Hurricane Harvey Litigation Updates
Houston property owners affect by reservoir flooding during Hurricane Harvey recently argued that the Federal Circuit decision in Ideker Farms v. United States supports their takings claim against the U.S. Army Corps of Engineers. Ideker Farms held that the Corps. had taken property usage rights from farmers by flooding their land due to the agency’s Missouri River management.
Harvey takings claimants argue the Corps similarly took easements on their property by releasing water from reservoirs during Hurricane Harvey, resulting in downstream flooding.
They argued Ideker Farms supports their causation argument and that the risk was not reasonably foreseeable when they bought their properties. They also argued that the flood control benefits did not outweigh the burdens, which invalidates the Corps’ defense. Claimants cite Ideker Farms in asserting the flooding was a categorical taking rather than a trespass.
United States Court of Appeals for the Federal Circuit reversed Federal Court of Claims Senior Judge Loren A. Smith’s dismissal of thousands of property owners’ claims against the United States arising out of the Army Corps of Engineers decision to release millions of gallons of water from the Addicks and Barker Reservoirs in the aftermath of Hurricane Harvey. The ruling in favor of approximately 8,000 downstream property owners along with a prior ruling in favor of upstream property owners means that the largest Fifth Amendment takings case in U.S. history can now move forward and could result in the government paying out billions. Estimates of the property owners’ damages range from $6.5 Billion to $13 Billion.
The Case: Hurricane Harvey and the U.S. Army Corps of Engineers
On August 25th 2017, the greater Houston area was hit by a devastating category 4 hurricane that wreaked havoc along the southeast coastal region of Texas. This tropical storm caused upwards of 4.6 feet of rain across different areas of our city. Some neighborhoods and residential areas managed to not flood during the onslaught of rain. Unfortunately, for property owners behind or adjacent to the Addicks and Barker reservoirs, the U.S. Army Corps of Engineers flooded their properties by impounding more water in the reservoirs than the capacity of the land the government owned, allowing the impounded water to flow off government owned land and into private residences and businesses. When the Army Corps of Engineers decided to release the impounded water, it fully opened the reservoirs gates and flooded thousands of downstream properties. More than 7,000 acres of privately held land was impacted by these decisions.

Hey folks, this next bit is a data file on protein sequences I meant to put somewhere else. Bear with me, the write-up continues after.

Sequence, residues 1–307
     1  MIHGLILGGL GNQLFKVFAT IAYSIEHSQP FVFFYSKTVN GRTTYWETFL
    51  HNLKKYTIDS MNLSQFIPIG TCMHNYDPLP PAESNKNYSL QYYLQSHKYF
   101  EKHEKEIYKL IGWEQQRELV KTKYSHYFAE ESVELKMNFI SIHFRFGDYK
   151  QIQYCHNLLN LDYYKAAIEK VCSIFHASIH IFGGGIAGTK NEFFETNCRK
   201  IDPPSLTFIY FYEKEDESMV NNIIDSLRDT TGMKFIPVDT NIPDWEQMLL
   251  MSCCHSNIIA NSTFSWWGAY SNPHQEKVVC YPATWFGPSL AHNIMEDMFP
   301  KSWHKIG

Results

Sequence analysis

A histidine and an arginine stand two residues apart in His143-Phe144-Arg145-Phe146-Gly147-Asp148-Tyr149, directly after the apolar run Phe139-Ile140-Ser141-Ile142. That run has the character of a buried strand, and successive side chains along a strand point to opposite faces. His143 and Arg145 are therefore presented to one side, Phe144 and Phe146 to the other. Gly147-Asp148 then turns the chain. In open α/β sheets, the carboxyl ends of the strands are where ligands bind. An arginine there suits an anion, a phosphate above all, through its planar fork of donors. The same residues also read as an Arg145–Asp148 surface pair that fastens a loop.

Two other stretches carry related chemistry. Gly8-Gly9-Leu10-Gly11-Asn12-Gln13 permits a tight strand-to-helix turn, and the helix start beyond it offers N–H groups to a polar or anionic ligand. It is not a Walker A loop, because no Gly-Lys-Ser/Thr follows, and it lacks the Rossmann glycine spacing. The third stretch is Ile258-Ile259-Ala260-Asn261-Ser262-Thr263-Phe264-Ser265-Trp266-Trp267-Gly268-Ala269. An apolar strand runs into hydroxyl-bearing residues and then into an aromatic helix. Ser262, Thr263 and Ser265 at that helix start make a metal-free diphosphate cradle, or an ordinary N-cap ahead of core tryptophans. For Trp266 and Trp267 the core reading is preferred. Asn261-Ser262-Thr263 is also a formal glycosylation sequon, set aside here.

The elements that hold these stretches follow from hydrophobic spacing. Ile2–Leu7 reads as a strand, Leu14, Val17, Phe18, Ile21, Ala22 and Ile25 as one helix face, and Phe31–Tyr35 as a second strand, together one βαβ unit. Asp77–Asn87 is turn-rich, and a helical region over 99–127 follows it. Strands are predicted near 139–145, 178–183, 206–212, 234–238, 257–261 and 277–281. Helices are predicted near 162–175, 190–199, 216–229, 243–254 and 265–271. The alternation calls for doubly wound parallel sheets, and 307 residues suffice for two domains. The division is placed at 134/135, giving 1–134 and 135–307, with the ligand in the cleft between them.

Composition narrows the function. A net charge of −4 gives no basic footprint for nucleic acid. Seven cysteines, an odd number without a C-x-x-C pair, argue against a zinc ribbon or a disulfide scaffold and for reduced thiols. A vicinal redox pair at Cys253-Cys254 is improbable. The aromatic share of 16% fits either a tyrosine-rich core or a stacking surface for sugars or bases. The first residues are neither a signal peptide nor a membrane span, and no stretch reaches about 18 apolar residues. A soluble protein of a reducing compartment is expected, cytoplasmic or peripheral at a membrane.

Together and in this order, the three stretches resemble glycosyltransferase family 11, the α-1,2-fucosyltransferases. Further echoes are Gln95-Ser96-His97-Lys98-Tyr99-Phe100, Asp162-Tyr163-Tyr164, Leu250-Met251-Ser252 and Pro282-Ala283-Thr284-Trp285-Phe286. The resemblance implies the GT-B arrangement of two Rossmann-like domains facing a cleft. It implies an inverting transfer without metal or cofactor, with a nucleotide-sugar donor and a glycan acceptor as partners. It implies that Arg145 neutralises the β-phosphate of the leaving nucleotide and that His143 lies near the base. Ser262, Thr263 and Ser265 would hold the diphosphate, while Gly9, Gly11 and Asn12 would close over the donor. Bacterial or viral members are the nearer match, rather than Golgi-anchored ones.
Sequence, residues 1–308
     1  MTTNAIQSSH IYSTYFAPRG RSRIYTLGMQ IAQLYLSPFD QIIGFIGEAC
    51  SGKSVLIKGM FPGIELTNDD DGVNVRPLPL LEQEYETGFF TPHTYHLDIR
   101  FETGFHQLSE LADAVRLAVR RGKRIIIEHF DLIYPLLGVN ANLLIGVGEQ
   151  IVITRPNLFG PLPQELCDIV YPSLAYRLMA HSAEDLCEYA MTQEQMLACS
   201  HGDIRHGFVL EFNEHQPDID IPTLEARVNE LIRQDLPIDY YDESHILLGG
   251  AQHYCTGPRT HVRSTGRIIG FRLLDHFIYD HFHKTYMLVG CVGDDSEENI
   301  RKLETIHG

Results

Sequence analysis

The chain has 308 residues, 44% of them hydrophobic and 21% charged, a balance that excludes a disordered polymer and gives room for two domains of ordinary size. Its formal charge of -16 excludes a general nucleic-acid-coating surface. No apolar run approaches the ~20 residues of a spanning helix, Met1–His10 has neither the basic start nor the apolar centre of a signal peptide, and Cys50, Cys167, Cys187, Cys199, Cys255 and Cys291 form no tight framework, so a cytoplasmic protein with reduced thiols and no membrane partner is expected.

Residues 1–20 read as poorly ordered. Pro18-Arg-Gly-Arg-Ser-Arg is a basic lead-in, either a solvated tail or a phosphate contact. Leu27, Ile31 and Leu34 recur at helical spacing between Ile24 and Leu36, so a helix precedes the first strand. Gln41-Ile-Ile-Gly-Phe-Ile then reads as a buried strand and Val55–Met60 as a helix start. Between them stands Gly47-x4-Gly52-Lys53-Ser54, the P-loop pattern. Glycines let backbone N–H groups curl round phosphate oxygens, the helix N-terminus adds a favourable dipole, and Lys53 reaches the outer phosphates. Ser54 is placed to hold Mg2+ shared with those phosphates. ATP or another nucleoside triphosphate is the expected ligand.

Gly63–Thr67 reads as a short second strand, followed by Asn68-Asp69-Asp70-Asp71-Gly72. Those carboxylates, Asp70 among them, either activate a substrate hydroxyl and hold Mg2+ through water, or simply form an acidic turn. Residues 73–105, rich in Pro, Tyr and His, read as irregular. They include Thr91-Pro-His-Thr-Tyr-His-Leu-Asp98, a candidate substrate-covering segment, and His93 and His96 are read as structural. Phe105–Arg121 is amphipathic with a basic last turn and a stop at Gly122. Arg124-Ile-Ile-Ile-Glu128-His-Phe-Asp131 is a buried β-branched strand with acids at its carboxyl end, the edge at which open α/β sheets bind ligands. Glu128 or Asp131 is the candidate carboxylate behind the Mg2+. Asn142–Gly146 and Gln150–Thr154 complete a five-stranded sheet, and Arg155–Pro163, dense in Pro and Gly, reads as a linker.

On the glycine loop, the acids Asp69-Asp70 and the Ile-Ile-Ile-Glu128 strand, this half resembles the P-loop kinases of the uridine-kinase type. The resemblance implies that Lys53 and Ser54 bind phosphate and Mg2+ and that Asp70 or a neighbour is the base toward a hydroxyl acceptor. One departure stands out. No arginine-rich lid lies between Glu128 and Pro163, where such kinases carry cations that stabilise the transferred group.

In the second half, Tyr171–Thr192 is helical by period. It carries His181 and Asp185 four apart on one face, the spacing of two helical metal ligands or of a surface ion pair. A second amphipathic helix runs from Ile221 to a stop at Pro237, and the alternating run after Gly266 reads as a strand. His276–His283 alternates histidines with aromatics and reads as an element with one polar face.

In the aftermath of Hurricane Harvey, property owners who lived upstream and downstream from the reservoirs began filing suits in The U.S. Court of Federal Claims (CFC). The first upstream cases already have been tried, and the Court held that the Army Corps of Engineers were liable for upstream flooding. No downstream cases have been tried yet, but thousands of cases are currently pending in both the upstream and downstream litigations.
The Fifth Amendment
The Fifth Amendment reads:
“No person shall be held to answer for a capital, or otherwise infamous crime, unless on a presentment or indictment of a Grand Jury, except in cases arising in the land or naval forces, or in the Militia, when in actual service in time of War or public danger; nor shall any person be subject for the same offence to be twice put in jeopardy of life or limb; nor shall be compelled in any criminal case to be a witness against himself, nor be deprived of life, liberty, or property, without due process of law; nor shall private property be taken for public use, without just compensation.”
Property owners in the upstream cases and downstream cases are seeking money damages as just compensation for the government’s taking of their possessions and properties.
When the government impounded the water behind the reservoirs, the Corps knew that it would migrate off government owned land into peoples’ homes and businesses upstream of the reservoirs.
Likewise, when government released the impounded water the Corps knew that it would flood the homes and businesses downstream of the reservoirs along and near Buffalo Bayou. The government did not purchase easements from any of the upstream or downstream property owners, and none of the property owners ever agreed to have their properties flooded and their possessions damaged or destroyed.
Fleming, Nolen & Jez Attorney Rand Nolen was appointed by the U.S. Court of Federal Claims as one of the lead counsel for the downstream litigation. Since his appointment, thirteen downstream trial test properties were inspected and surveyed. Downstream property owners served 19,000 documents related to the test properties. The Government produced more than 250,000 documents. Expert reports were exchanged. Forty-three depositions have been taken, including both military and non-military personnel with the United States Army Corp of Engineers, a witness from the United States Geological Survey, various witnesses that were City of Houston employees, and Harris County Flood Control District officials.